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Innovation

It may be time to stop throwing good money after bad

Written by Heather Clancy, Contributor

My father and I definitely have our differences politically, something I was reminded about over the Father's Day weekend when I went to pay him a visit in Florida. Be that as it may, I usually tend to be more aligned with him on economic theory.

One thing he spent a lot of time opining about last month while I was there was the various government stimulus packages that have been introduced. I won't go into excruciating detail, but he's very suspicious of all this spending and thinks we should stop throwing more money after the problem.

Lest you think "He's just a cranky old man," let me just say that my dad not only is my dad very-unold, he was at one time the chairman of the Coffee, Sugar and Cocoa Exchange (what we kids fondly referred to the as the Mocha Exchange). So he is definitely no lightweight when it comes to economic theory.

Apparently my father is onto something, if a recent survey conducted by the Wall Street Journal is a barometer. The poll, discussed in this article, found that only eight out of the 51 economists participating in the Journal's most recent forecasting exercise think that more economic stimulus is necessary or wise.

Realistically, the effects of the stimulus really won't be felt in a widespread way until 2010; so even though it seems like things are still pretty grim around the local supermarket, we all need to take a collective deep breath and let time do its thing. After all, we didn't get to this current place overnight.

While I'm on the topic of government intervention, I recommend reading this new article in the McKinsey Quarterly titled, "Government ownership: Why this time it should work." The essay focuses on why the current brand of investment might be different than ill-fated actions of the past. There are five reasons that things are different, argues the author, Northwestern University School of Law adjunct professor Simon Wong:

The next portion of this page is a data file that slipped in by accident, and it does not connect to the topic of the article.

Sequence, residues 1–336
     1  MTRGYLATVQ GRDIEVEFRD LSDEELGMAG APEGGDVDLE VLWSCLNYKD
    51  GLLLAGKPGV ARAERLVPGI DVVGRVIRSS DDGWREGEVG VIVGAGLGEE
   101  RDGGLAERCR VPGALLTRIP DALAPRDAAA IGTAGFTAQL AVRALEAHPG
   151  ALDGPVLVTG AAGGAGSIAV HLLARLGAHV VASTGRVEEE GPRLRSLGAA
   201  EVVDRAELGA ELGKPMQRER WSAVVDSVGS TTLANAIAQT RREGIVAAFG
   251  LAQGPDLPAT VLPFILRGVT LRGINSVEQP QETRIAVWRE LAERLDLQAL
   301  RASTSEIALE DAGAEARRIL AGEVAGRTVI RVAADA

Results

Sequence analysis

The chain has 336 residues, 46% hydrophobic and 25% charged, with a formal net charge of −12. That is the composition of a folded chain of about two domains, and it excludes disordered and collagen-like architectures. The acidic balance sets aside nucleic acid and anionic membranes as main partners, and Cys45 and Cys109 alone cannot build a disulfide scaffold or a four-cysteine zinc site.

1. Governments in the United Kingdom and the United States (and other western countries) have been forced into equity ownership and therefore are more likely to manage their ownership stakes as a commercial venture.
  2. These government owners want out quickly; they'll be involved closely and will sell when it is most opportune.
  3. The interventions have been specific enough and public enough for citizens to keep close tabs on the outcomes—and hold governments accountable.
  4. Agencies are not likely to throw THAT much good money after bad, because they are worried about their own credit ratings.
  5. Most of the companies that have received government money still have a portion of shares that are being floated publicly, which means the government technically is just one of multiple owners.

For a rather contrary view of the government's current tendency to insert itself into our collective business, you might want to check out the new Dick Morris book with the rather long-winded title: "How Obama, Congress, and the Special Interests are Tranforming a Slump into a Crash, Freedom into Socialism, and a Disaster into a Catastrophe ... and How to Fight Back."

I haven't read it yet, but the title says it all. Should be a fun four years.

This post was originally published on Smartplanet.com

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